Spix's Macaw

"The Fading Blue" by Paschalis Dougalis (watercolors on Lana cold-pressed paper)

I was happily surprised to see the Spix Macaw on the list. Extinct in the wild but still exists and breeds in captivity. The species is named after Spix, a Bavarian scientist who discovered it first in North-eastern Brazil in early 19th century. He has been the founder of the Zoological collection in Munich, the city I live! I’ve been studying the species from taxidermy mounts and videos during the last two years, and hope to sketch this bird from life someday!
— Paschalis Dougalis


This species is endemic to Brazil, but is now presumed to be extinct in the wild. The last individual in the wild was discovered in 1990 and disappeared in October 2000. The whole population is now captive and in the hands of private collectors scattered across the globe. When it was in the wild, it was dependent on the Caribbean trumpet tree for nesting and perching. These trees are part of a unique habitat in Brazil found nowhere else on Earth.

Map__Spixs Macaw.jpg

Family Life

Spix's macaws are very routine-oriented birds, following the same flight paths, scavenging activities, and bathing at the same time each day. Even in their interactions with each other and other birds, routines are followed. They prefer to travel in pairs or small family groups along the seasonal rivers hunting for food, and roosting and nesting together in treetops. Spix's macaws are lively birds, very noisy and often identified by their raucous "kra-ark" call during flight. Macaws are intelligent, social birds that often gather in flocks of 10 to 30 individuals. Their loud calls, squawks, and screams echo through the forest canopy. Macaws vocalize to communicate within the flock, mark territory, and identify one another. Some species can even mimic human speech. Spix's macaws are monogamous and mate for life. Most of what is known about learned behavior and parenting in Spix's macaws is speculation, due to their rarity in the wild.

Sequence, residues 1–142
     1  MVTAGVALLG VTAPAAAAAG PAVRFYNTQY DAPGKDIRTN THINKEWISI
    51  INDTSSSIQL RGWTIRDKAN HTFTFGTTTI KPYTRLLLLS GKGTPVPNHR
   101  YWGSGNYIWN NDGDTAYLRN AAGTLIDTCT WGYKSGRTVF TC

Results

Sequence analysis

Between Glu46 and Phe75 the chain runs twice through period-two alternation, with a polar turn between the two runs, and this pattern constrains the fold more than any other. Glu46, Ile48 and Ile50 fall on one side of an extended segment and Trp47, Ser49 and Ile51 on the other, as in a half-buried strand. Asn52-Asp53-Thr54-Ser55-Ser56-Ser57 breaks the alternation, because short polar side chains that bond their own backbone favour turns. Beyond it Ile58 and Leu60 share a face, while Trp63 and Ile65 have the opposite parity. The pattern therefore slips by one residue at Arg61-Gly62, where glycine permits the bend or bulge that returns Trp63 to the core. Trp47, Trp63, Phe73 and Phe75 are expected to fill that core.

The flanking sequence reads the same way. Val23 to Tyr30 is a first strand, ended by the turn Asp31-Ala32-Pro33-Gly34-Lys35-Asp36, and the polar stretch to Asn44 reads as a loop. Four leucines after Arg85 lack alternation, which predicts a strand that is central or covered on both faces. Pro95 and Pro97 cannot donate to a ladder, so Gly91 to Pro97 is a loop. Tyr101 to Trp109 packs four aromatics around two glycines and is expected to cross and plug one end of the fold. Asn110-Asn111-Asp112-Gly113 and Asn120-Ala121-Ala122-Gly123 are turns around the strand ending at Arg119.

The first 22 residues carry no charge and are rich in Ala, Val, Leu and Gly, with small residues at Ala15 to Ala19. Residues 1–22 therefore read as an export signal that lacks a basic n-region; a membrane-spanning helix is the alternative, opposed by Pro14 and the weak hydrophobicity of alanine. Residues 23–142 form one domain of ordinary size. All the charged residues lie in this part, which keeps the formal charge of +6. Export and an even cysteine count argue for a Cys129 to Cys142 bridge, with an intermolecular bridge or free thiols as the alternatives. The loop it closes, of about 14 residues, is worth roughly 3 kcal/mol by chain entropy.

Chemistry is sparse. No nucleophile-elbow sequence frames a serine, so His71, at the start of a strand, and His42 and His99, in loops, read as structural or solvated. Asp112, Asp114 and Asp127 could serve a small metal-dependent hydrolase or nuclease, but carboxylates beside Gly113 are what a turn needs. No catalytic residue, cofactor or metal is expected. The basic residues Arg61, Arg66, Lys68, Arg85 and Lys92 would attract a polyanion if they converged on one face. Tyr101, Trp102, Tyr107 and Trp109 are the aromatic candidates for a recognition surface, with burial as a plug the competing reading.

It’s estimated to live about 28 years in the wild, and about 38 years in captivity. 

Hunting Habits/Diet

They feed on various seeds, nuts, fruits (mainly cactus fruits), flowers, leaves and other plant material found within its range. They eat the seeds of Faveleira trees, Pinhão-brabo trees, fruits of Fachiero cacti and local licuri palm. They eat the fruits and seeds of the Joazeiro cacti, and the " paudecolher,” and the nuts of the Buriti palm. Captive birds are usually fed a variety of seeds, nuts, fruits and vegetables, green food, soaked pigeon food, and small quantities of pre-cooked beef; eggfood, porridge and rusk for rearing, good quality avian vitamins (especially D and B complex) and mineral supplements.


Now, the fewer than 100 remaining Spix's macaws are cloistered in captive breeding programs and refuges throughout the world.

Fun Fact

A female and male macaw which escaped from captivity and apparently vanished in the year 2000, inspired the animated movie Rio. 

Why are they Endangered?

The decline of this species is due to the loss of its natural gallery habitat due to decades of exploitation in the Bahia region of Brazil. This loss of habitat was exacerbated by the trapping of individuals for the live bird trade. A number of other factors such as the colonization of the region by African bees and building of hydroelectric dams may have played a role in this species decline.


Critically Endangered